Many people rely on state pension income to support them through retirement - and tens of thousands of women are being underpaid theirs, a Lane Clark and Peacock (LCP) investigation has revealed.
Women who are married and retired can obtain a state pension based on their husband's work record. However, it has been found that around 130,000 women could be receiving less than they should.
The shortfall in payments has been caused by a combination of complex rules about women's entitlement under the old pension system and computer errors by the Department for Work and Pensions (DWP).
Here, Which? explains why some women aren't receiving the right state pension income, and how you can claim your money back if you're eligible.
The latest scandal affects women who were married and reached state pension age (SPA) before April 2016, who can claim the . These women are entitled to 60% of the basic state pension their husband gets at SPA.
Under this old system each member of a couple could build up a pension in their own right. So, in principle, each member of a married couple could earn a full state pension.
But many women had gaps in their National Insurance (NI) record or had paid the specially reduced 'married woman's stamp', and so reached pension age with very limited pension entitlement of their own.
The women affected will have been born before 6 April 1953 and are most likely to be widows, married or divorced women and those aged over 80.
If you're a widow, you could also substitute your late husband's NI record for your own, thereby qualifying for 100% of the basic state pension if your late husband had a full record of contributions.
If you were divorced when you reached SPA you could substitute your ex-husband's NI record for your own, up to the point of your legal split. If the divorce occurred relatively late in life, this could enable you to qualify for a full basic state pension.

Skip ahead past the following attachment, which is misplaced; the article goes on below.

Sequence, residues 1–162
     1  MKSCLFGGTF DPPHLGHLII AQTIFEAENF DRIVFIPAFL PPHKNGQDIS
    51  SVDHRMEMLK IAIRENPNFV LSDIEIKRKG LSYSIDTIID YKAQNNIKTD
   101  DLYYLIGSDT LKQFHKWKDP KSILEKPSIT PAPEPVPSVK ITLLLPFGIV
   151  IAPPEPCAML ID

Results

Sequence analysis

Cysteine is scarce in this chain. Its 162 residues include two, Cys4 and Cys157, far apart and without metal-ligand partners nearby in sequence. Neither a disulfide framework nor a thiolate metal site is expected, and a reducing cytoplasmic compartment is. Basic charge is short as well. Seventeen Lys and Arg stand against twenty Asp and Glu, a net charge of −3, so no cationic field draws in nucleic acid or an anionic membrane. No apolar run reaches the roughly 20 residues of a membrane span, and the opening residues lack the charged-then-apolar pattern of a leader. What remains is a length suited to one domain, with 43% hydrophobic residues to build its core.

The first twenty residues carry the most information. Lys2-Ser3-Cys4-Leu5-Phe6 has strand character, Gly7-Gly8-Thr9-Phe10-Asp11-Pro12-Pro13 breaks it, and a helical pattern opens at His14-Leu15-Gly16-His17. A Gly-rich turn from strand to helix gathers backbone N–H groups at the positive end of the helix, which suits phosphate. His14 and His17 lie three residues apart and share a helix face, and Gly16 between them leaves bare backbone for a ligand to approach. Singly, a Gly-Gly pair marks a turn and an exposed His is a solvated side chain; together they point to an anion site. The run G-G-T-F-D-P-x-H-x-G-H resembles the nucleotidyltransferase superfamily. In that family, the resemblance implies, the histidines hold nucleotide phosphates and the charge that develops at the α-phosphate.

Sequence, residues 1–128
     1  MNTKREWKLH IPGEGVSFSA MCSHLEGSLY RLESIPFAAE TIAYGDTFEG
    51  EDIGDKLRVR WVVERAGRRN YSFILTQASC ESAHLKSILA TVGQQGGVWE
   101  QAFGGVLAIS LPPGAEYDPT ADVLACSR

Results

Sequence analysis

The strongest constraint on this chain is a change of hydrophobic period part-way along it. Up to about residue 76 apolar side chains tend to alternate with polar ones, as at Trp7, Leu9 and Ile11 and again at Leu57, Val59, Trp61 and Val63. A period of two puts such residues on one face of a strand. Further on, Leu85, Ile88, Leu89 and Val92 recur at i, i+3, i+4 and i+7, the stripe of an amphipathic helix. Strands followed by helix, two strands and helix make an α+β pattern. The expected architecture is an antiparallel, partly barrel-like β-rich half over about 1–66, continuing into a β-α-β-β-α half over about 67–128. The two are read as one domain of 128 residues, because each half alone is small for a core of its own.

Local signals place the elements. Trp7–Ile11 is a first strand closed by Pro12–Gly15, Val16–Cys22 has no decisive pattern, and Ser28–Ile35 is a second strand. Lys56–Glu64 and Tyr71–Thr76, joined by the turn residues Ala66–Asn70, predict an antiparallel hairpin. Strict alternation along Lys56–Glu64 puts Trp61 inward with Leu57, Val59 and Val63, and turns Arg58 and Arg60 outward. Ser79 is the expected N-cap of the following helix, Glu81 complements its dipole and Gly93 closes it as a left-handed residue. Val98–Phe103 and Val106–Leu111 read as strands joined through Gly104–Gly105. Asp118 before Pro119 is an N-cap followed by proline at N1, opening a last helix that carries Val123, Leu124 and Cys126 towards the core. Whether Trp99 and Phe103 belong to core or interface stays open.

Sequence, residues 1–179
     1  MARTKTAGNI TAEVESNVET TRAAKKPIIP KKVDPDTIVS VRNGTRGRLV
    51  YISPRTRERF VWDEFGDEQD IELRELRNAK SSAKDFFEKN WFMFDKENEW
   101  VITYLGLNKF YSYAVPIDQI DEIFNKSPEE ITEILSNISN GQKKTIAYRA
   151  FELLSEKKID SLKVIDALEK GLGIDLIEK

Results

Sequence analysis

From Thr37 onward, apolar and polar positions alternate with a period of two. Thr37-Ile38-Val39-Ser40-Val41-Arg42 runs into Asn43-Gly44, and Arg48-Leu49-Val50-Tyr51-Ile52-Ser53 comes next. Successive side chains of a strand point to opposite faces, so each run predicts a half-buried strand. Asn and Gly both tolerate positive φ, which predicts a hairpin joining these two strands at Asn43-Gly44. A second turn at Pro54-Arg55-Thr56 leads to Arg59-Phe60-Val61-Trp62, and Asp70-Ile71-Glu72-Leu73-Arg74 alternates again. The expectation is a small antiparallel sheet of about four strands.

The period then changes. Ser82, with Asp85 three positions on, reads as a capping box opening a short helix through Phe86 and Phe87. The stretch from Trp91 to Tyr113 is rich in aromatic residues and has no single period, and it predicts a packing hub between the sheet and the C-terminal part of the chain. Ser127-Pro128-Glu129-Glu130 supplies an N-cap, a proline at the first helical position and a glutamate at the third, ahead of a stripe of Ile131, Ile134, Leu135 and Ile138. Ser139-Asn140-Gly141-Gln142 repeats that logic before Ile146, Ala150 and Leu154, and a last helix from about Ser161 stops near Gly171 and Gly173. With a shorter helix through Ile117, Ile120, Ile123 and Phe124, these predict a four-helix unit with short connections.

The LCP investigation, which was led by former pensions minister and LCP partner Sir Steve Webb, shows that there are two groups of married women who may have been underpaid state pension benefits.
Until March 2008, a married, divorced or widowed woman would have to make a claim to receive this enhanced pension.
For women whose husbands reached SPA (which was then 65 for men) after March 2008, the DWP's computer systems should have boosted their state pension payments to the 60% sum. But many women have said that it didn't, and have complained to the DWP.
The second group of women who have been affected are those whose husbands reached 65 before March 2008.
According to LCP, the DWP claims it wrote to these women to alert them of this option but many say they never received such a letter.
For the group of women whose husbands reached SPA after March 2008, the government department says it has backdated these payments, plus interest on top.
Unfortunately for women whose husbands reached SPA before March 2008 and who want to claim now, it would be treated as a 'new claim' for a pension and therefore backdated by just one year. This means that over a decade of pensions will have been lost.
LCP says there may still be women who haven't received the right state pension payments, and is urging the government to identify and alert women who may have been affected and reimburse them.
The DWP says: 'We are aware of a number of cases where individuals have been underpaid state pension. We corrected our records and reimbursed those affected as soon as errors were identified.
'We are checking for further cases and if any are found awards will also be reviewed and any arrears paid.'
LCP has created a to help you identify if you may be affected. You'll need to enter some details about you and your husband (or husband at the time), including when you were born, whether your husband is over SPA, how much basic state pension you currently receive and how much your husband (or ex-husband) receives.
You'll then be given an indication of whether you're receiving less than you're entitled to.
LCP says all data is given anonymously and it doesn't store any of the personal data you input.